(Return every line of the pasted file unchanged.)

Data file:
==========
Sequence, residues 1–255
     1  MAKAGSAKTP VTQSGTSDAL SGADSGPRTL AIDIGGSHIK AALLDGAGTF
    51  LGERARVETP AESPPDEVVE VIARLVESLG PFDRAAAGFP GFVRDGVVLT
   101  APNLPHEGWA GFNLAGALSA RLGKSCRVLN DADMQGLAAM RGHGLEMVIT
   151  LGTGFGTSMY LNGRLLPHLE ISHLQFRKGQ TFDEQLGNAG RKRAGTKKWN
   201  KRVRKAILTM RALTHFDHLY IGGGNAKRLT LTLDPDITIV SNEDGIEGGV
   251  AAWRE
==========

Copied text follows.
Sequence, residues 1–255
     1  MAKAGSAKTP VTQSGTSDAL SGADSGPRTL AIDIGGSHIK AALLDGAGTF
    51  LGERARVETP AESPPDEVVE VIARLVESLG PFDRAAAGFP GFVRDGVVLT
   101  APNLPHEGWA GFNLAGALSA RLGKSCRVLN DADMQGLAAM RGHGLEMVIT
   151  LGTGFGTSMY LNGRLLPHLE ISHLQFRKGQ TFDEQLGNAG RKRAGTKKWN
   201  KRVRKAILTM RALTHFDHLY IGGGNAKRLT LTLDPDITIV SNEDGIEGGV
   251  AAWRE